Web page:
Wednesday, April 2, 2008

The big picture

Often when the daily noise gets confusing it's helpful to step back and look at the long term perspective. In the first chart we see the S&P. Notice that during the entire bull market the corrections were fairly uniform. 7-10% was the norm for every correction on the way up. Once this bull market became mature any correction that exceeded that norm would likely be a sign that the bull was done. We saw that correction in Jan. once the S&P dropped over 13%. Looking at the long term view of the general stock market one has to say we are in a bear market until proven otherwise.

Now let's look at gold over the same period. So far all corrections have been uniform in the 10-15% range except the 06 correction. That waterfall decline had to potential to begin a bear market in gold as it exceeded the "normal" correction up to that point. However gold didn't respond like it was in a bear market. Instead of the trend reversing gold preceded to chop back and forth gradually working higher and in the process building a large base. Not typical bear market action. The end result, we experienced another runaway leg up in the precious metals this year. About what should be expected as gold is in a secular bull market. Since I've been along for almost this entire ride I can tell you that every single one of these corrections has been accompanied by the Chicken Little's of the world coming out and telling us how the dollar is starting a multi year bull market and how gold is in a bubble and the run is over.

Moving on the the next chart I'm going to show you why I think the run is still in the early stages. I've pointed out in previous posts that the size of the consolidation is often a good measure of how large the rally will be once a breakout occurs. I've noted the consolidations so far in this bull on the chart. For the most part the rallies have roughly equalled the consolidations. But let's ignore these for now and again look at the big picture. What we see is a huge almost mind boggling 20 year consolidation in the gold market. We also see that gold has just now broken out of that consolidation. I have no doubt that before this bull is done we will ultimately see a rally of similar magnitude as this huge consolidation. Gold when it's all said and done is going to go higher than any of us can possibly foresee. That being said I think silver will end up putting gold to shame simply because the fundamentals are much stronger and it will be more affordable for the public when we finally do enter the final blow off stage.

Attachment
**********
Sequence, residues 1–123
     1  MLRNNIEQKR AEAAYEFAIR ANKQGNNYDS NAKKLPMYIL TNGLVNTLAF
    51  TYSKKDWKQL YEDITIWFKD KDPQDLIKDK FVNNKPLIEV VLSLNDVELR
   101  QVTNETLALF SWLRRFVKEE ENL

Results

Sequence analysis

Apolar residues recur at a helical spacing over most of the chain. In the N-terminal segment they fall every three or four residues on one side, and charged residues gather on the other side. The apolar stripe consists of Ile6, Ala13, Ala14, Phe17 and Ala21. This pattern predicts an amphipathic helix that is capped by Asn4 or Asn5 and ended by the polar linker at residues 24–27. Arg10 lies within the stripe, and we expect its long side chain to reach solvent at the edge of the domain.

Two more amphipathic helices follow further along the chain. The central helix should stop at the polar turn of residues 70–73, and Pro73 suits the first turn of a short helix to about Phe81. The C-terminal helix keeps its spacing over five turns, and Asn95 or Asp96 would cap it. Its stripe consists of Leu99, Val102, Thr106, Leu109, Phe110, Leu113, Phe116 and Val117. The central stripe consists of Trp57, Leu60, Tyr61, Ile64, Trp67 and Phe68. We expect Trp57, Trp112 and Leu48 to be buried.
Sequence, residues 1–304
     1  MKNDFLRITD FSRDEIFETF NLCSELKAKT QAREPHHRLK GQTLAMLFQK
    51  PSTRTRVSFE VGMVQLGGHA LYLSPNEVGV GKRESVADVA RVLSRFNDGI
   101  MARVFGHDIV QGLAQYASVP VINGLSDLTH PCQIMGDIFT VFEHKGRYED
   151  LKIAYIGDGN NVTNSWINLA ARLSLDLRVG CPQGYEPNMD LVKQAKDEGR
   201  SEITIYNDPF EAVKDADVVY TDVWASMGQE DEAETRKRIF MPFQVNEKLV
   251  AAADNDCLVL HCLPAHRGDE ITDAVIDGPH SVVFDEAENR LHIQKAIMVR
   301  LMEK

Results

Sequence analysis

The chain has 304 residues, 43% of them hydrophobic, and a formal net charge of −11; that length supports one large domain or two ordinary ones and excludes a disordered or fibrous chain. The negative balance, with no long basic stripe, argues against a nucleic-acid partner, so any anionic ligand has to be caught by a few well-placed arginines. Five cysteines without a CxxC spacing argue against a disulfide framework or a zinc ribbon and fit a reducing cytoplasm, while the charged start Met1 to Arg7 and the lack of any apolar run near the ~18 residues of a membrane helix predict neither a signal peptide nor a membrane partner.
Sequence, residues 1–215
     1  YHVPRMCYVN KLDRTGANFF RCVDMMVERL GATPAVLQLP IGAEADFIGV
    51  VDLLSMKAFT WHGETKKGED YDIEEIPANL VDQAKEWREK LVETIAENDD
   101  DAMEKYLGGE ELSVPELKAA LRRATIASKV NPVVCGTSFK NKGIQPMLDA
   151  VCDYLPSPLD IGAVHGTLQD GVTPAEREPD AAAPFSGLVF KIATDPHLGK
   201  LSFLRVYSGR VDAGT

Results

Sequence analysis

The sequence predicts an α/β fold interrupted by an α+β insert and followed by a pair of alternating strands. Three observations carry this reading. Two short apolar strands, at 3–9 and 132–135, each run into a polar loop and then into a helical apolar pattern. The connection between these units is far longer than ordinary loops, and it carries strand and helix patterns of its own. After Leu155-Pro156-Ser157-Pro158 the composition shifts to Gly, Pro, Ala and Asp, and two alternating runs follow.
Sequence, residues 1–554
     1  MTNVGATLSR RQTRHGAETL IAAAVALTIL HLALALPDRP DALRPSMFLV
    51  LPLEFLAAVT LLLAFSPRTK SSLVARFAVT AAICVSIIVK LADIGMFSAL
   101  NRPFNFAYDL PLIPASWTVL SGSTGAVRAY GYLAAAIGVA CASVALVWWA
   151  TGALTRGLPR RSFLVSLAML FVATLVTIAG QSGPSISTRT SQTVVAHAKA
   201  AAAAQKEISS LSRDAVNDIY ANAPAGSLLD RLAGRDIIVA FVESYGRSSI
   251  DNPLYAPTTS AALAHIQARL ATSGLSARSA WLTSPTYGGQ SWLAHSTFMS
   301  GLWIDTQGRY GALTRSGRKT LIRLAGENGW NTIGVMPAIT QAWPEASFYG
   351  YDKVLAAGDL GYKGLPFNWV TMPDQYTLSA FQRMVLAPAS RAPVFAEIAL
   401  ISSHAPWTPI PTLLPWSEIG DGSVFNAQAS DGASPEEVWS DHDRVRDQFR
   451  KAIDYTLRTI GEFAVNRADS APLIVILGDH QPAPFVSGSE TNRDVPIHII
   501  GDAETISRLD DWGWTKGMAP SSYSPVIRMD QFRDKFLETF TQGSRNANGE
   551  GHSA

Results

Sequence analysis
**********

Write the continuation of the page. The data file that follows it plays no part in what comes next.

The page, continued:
While I'm at it take a look at the S&P:CRB ratio. When the trend is up stocks are outperforming commodities and when its heading down the opposite holds true. Now I have to ask, since the stock market is quite likely in a bear market and commodities are still showing no signs of a top why would anyone want to take a chance investing in stocks? This trend is only 8 years old. The average commodity cycle is 15-22 years. Trying to call the end of the commodity cycle at this point would seem to be a rather dangerous proposition.